Alicia grew up on her family’s farm and ranch and got involved in 4-H when she was nine years old. She has taken a steer to the Asotin County Fair for the past 10 years and is the treasurer for her high school’s chapter of FFA. She has logged some serious community service hours —more than 200—helping to raise money for MS with a dodge ball tournament and promoting breast cancer awareness by raising more than $6,000 for the Gina Quesenberry Foundation. She is valedictorian of her Clarkston High School senior class with a 4.0 GPA.
“I like giving back to my community,” Heitstuman said. She will be attending Washington State University in the fall, but isn’t sure what she’ll be majoring in. She said she’s considering nursing because she enjoys helping people, but is also considering a food science degree.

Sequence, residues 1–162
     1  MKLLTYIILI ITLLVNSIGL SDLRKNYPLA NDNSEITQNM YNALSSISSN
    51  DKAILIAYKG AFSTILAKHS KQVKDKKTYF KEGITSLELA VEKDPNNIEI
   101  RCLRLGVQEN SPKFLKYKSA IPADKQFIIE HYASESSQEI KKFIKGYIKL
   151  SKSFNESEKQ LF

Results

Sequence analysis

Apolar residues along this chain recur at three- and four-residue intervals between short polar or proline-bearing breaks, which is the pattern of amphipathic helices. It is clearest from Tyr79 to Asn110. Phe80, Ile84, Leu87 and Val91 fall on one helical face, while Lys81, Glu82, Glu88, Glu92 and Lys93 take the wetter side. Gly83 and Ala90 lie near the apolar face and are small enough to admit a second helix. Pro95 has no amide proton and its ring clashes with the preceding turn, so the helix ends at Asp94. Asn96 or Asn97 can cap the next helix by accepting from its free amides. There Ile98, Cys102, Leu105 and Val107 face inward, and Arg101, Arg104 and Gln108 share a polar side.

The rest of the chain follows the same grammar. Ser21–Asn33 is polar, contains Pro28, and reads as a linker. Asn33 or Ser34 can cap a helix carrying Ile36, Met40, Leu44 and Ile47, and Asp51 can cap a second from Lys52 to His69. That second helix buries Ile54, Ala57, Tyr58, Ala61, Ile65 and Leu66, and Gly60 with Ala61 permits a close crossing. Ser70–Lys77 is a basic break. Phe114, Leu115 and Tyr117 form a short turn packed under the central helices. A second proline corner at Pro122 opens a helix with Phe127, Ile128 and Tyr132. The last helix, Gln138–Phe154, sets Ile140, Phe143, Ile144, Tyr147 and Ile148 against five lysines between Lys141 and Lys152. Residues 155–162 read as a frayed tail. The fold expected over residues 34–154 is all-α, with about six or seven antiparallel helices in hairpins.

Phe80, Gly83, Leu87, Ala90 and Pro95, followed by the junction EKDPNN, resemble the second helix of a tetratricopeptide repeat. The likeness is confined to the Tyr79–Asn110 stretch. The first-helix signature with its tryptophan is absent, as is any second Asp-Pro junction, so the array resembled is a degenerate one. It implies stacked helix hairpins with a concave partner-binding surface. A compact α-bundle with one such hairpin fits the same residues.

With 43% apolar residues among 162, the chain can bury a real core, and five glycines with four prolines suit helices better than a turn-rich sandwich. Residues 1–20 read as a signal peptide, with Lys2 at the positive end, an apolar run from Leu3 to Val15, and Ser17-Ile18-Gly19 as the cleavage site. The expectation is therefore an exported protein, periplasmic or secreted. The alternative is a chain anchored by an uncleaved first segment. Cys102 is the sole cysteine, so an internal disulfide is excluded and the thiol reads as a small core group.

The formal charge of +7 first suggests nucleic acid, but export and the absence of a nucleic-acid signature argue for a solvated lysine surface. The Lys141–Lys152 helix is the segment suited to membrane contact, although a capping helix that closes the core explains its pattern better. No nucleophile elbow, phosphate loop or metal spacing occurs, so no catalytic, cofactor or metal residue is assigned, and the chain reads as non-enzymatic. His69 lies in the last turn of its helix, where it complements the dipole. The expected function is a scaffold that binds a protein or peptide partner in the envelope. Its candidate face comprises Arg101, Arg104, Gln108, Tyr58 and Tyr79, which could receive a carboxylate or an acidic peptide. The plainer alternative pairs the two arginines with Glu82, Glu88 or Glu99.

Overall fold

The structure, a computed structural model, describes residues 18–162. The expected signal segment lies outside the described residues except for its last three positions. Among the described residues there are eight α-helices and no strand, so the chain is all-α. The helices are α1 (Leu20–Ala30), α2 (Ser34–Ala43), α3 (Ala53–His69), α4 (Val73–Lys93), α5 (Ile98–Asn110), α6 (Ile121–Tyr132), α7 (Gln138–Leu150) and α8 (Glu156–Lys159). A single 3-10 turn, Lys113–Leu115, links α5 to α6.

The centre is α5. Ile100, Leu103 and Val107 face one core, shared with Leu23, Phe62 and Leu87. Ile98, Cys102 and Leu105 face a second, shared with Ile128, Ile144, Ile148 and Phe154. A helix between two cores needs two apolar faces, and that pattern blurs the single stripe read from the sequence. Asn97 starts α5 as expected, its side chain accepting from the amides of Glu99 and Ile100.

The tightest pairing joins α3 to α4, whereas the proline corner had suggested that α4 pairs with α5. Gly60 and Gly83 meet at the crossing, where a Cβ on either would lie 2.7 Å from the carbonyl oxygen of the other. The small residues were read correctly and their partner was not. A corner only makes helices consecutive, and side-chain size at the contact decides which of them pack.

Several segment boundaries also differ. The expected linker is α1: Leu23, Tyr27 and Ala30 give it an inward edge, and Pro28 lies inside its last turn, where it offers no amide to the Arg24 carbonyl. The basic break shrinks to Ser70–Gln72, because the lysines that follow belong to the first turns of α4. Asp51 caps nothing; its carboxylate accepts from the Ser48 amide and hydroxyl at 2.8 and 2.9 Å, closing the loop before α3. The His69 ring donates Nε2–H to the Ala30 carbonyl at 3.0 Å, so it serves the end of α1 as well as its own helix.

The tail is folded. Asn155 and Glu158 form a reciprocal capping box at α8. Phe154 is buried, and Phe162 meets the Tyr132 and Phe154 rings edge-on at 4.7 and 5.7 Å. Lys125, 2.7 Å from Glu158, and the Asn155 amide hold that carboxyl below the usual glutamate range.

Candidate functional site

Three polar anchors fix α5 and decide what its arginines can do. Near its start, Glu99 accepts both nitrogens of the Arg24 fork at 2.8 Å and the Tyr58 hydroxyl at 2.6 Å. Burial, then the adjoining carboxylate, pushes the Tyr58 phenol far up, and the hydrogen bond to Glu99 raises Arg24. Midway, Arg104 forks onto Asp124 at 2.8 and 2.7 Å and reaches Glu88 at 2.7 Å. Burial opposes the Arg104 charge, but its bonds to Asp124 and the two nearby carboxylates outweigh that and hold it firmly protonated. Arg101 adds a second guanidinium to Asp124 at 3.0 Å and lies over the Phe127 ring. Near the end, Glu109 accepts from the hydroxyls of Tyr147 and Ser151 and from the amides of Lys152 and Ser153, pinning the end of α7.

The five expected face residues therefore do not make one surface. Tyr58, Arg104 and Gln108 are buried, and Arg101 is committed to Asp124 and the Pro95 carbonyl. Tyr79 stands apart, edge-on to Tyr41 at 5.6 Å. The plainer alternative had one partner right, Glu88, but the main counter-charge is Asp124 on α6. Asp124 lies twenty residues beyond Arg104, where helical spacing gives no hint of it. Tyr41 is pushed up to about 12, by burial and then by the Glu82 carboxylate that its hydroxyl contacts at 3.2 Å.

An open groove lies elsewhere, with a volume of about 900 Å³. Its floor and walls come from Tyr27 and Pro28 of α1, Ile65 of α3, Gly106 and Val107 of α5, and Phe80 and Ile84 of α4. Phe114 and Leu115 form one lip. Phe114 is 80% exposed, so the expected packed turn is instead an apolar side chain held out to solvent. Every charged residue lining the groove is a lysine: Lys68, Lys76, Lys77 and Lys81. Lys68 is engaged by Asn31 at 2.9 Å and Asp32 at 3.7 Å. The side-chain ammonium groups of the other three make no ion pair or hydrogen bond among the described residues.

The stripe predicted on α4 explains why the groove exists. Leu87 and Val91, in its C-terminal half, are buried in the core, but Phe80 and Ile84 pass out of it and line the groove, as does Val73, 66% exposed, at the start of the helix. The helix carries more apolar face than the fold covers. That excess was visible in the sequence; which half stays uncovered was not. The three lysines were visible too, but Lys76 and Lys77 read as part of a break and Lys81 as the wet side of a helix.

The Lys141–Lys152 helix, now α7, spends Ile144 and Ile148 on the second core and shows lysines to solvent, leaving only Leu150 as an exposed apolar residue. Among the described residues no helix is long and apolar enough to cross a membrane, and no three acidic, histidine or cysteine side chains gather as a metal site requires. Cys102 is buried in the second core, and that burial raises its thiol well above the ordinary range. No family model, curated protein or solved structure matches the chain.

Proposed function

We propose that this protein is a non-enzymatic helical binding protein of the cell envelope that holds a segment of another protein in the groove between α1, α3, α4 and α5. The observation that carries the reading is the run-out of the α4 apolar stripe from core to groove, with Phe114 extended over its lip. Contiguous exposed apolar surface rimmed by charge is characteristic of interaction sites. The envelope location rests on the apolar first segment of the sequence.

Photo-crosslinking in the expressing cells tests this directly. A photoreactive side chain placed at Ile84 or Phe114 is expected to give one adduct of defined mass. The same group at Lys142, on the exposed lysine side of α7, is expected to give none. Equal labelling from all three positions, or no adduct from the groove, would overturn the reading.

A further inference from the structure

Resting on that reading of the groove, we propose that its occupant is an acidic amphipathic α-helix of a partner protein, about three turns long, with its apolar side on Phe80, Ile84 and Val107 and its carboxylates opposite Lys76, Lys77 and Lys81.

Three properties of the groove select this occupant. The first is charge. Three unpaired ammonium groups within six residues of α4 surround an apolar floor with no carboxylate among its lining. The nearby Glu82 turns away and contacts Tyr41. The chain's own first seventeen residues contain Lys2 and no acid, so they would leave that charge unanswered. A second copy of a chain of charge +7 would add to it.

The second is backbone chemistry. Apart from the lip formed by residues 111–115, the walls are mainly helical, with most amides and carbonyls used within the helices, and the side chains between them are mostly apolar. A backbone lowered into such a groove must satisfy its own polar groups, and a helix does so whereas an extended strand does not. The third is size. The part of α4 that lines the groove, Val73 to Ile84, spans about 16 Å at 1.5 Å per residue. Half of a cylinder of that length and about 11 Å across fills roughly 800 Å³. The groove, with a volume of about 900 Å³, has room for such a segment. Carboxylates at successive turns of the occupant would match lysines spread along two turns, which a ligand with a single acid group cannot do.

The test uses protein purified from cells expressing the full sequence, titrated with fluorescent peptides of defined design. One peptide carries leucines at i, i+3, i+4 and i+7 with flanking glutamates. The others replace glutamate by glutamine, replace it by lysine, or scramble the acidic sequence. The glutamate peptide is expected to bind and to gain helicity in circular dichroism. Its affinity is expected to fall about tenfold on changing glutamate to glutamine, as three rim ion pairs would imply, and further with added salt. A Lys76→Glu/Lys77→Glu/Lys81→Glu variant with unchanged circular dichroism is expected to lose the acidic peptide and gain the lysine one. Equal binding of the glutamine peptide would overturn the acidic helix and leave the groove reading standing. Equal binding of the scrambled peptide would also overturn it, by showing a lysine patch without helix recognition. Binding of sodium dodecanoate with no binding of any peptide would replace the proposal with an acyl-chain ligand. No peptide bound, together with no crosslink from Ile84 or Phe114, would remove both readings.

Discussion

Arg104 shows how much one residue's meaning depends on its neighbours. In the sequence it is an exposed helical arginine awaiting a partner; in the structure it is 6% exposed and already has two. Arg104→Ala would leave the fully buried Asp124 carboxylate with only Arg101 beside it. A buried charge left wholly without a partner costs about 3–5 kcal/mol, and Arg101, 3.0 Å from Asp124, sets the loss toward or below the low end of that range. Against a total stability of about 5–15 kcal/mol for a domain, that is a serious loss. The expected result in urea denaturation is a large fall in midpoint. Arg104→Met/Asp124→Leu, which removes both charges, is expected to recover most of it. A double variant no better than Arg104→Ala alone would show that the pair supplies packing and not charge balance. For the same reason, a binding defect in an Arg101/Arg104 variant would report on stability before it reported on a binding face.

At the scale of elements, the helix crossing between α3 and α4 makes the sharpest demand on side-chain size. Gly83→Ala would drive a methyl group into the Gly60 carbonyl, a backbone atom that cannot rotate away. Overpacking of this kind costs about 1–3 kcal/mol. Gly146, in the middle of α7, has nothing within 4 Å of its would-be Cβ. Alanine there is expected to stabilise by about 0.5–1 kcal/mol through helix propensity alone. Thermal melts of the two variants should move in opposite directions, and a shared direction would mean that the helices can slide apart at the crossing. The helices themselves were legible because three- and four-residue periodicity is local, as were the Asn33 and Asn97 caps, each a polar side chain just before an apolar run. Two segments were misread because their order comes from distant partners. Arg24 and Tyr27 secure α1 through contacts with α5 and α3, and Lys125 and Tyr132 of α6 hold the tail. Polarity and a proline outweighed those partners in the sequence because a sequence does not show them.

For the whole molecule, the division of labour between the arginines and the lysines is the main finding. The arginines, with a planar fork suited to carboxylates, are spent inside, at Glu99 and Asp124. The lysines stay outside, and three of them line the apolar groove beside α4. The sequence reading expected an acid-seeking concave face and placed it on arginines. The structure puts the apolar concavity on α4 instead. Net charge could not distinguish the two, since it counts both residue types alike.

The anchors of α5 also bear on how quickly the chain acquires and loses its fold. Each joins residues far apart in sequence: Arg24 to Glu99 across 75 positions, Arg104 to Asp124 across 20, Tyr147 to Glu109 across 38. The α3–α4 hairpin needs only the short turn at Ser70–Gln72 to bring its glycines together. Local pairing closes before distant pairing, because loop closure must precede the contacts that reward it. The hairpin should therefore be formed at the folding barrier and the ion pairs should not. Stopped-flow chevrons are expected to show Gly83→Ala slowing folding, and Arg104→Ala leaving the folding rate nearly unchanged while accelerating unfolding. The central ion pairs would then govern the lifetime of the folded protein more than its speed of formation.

“Growing up on farm, I watched plants grow and my dad harvest them. A food science degree would go with my learning, and I could apply it to help people,” she said.
Heitstuman thanked the Asotin County growers for the scholarship and said it was good to be recognized for the things she’s done so far in her life. When asked what her favorite part of growing up on a farm was, she said growing up in rural America in a small town. Different experiences, like harvesting or helping to feed baby calves, has also helped her appreciate that life.
“Doing those things built character, and I have an appreciation for animals and the earth and the types of things people have to go through to put food on the table,” she said.